Last weekend I attended our local county 4-H Fair. If, like me, you’ve never been an active participant in 4-H, the fair may be your only exposure to the organization. The fair is up for a little more than a week, and most of the vendors, rides, and attractions are part of a national circuit unrelated to 4-H. The heart of the fair – and the core of 4-H – beats in the exhibits of livestock, agriculture, arts, and skills demonstrated by young people who have worked hard all year to submit their entries. While 4-H has more members in urban and suburban counties, rural and farming communities have much higher participation rates. American rural communities skew conservative in their politics and religion, but the organization itself focuses on values that cross the cultural divide.
For me this tolerance is most evident in the vendors exhibit hall. These groups are unrelated to 4-H, and while the organization doesn’t endorse any of them, it does have final say on who can or can not exhibit. Most of them are completely non-controversial, but you might also be surprised to find some of them under the same roof in Indiana. Local Democratic, Libertarian, and Republican parties all seem to think it’s a good place to recruit. A Right To Life group, The Gideons, and Planned Parenthood are all present. Event organizers are smart enough not to put them beside each other, but there’s room for all.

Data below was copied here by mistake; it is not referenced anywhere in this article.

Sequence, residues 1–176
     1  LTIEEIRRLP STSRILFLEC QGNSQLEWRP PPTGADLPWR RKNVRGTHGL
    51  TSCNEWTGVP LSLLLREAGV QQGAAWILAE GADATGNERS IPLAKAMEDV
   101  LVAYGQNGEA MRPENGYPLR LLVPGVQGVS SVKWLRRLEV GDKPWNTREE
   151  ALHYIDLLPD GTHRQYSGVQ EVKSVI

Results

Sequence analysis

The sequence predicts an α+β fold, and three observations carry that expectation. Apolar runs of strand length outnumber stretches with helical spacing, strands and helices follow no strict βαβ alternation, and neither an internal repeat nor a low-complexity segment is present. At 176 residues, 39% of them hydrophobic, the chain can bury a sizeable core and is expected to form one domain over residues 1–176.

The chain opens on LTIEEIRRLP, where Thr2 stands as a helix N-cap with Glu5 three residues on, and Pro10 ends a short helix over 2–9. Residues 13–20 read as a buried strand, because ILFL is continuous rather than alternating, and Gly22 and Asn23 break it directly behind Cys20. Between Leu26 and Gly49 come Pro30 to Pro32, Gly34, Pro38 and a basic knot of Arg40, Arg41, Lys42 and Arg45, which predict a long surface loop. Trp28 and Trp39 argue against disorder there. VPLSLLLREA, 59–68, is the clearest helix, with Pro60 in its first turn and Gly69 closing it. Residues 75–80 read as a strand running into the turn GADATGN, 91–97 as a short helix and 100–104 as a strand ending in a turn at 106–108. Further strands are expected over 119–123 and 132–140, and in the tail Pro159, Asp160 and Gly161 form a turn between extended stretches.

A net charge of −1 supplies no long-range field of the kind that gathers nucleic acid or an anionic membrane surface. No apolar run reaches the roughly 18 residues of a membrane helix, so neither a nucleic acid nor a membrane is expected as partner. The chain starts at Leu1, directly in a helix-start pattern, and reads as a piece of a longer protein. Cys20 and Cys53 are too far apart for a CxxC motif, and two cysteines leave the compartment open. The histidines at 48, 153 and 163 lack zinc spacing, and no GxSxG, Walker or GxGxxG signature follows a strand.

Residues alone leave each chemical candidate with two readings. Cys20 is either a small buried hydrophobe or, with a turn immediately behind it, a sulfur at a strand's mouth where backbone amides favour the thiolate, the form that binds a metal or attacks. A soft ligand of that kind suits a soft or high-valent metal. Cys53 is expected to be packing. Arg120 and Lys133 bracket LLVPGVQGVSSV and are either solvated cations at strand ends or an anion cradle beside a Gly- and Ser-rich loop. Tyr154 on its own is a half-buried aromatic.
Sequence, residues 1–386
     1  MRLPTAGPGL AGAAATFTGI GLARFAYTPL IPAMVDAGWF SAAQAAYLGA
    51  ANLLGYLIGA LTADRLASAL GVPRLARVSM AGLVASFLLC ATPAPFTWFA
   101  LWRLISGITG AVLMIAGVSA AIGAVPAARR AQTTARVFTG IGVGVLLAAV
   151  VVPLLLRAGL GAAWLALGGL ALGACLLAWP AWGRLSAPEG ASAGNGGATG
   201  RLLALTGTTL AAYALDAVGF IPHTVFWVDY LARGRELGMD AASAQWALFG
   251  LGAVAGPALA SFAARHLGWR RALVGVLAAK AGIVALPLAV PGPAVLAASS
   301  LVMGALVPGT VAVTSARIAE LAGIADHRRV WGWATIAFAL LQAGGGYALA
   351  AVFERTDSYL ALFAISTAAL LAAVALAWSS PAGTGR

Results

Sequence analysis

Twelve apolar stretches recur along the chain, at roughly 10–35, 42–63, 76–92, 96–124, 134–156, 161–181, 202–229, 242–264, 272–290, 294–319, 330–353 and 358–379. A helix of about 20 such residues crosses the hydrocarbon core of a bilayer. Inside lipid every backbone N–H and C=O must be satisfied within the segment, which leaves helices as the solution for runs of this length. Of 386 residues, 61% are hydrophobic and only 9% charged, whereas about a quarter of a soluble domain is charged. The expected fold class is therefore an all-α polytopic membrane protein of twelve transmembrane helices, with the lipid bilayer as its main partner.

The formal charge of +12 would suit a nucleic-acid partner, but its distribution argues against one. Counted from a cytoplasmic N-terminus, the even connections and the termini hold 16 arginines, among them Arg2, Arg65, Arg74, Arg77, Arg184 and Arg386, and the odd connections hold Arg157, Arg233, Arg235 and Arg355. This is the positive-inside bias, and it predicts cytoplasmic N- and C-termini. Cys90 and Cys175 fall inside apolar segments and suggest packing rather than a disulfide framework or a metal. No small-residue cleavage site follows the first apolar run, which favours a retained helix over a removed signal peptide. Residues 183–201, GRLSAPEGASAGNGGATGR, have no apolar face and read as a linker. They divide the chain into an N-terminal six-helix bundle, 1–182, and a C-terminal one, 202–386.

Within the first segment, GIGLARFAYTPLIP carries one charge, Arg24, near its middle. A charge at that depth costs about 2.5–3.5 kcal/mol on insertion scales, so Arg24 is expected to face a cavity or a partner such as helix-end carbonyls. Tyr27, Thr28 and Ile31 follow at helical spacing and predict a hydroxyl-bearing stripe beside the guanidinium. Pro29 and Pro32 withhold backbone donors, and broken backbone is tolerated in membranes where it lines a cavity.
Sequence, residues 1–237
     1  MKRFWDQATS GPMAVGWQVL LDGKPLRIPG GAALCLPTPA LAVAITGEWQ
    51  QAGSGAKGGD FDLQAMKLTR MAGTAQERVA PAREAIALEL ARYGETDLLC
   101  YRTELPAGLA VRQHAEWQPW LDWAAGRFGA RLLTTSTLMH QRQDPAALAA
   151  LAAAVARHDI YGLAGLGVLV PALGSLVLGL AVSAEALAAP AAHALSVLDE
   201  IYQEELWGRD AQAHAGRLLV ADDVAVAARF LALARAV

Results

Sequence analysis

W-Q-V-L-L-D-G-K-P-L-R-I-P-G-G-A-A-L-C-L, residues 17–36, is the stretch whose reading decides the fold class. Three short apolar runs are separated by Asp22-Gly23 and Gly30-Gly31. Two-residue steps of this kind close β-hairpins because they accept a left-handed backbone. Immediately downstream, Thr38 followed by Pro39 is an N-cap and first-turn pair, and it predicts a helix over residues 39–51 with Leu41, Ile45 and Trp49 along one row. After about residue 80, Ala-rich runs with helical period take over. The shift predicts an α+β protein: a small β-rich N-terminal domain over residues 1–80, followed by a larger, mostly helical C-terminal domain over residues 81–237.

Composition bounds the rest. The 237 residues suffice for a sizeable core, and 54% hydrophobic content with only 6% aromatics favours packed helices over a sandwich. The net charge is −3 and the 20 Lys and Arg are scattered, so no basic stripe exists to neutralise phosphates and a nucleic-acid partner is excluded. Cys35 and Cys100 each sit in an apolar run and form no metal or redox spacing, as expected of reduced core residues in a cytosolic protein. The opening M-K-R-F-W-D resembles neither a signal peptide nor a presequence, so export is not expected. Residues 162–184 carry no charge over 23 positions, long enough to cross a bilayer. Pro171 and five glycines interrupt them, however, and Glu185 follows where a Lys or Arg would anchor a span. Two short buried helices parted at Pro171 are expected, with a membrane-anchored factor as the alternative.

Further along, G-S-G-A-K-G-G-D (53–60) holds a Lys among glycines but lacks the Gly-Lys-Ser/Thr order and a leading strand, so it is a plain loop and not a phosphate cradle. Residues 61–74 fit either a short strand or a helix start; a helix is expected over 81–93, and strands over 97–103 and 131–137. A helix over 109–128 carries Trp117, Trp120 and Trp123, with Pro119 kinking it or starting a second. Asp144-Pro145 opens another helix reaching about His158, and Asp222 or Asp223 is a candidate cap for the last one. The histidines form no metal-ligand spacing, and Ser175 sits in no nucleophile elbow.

Nobody protests or taunts anyone. Everyone seems to understand we are there in common support for the youth and the program. The four Hs in 4-H stand for head, heart, hands, and health and for at least a week we manage to direct them toward the common good without betraying our values.
4-H is not a Christian organization, but it sure sets a fine example of gathering around the table. So many Christian congregations adopt a decidedly liberal or conservative stance – often based on the preferences of the pastor – that it doesn’t take long to figure out “All are welcome” really means “all are welcome … to be persuaded to our positions on social issues.”
Yet we can have wildly varying positions on many controversial topics and still be dedicated to Christ. Instead of splintering into narrower and narrower definitions of “acceptable” Christianity, maybe we could take a cue from 4-H. We don’t all need to stand next to each other on every issue, but we can coexist under the same roof without shouting each other down. We can find common values and use them to help young people become better citizens of both the world and the Kingdom. We can understand the beating heart of the church is in the fruit of the vine and the bounty of the harvest present on the communion table. We can realize letting someone in the door is not the same as endorsing their values … but helps us to live ours.
Our reasons for excluding each other are our reasons, not Christ’s. Let’s gather around the table to hear what Christ might have to say about finding reasons to be inclusive. It’s only fair.
May be the peace of our Lord Jesus Christ be with you all.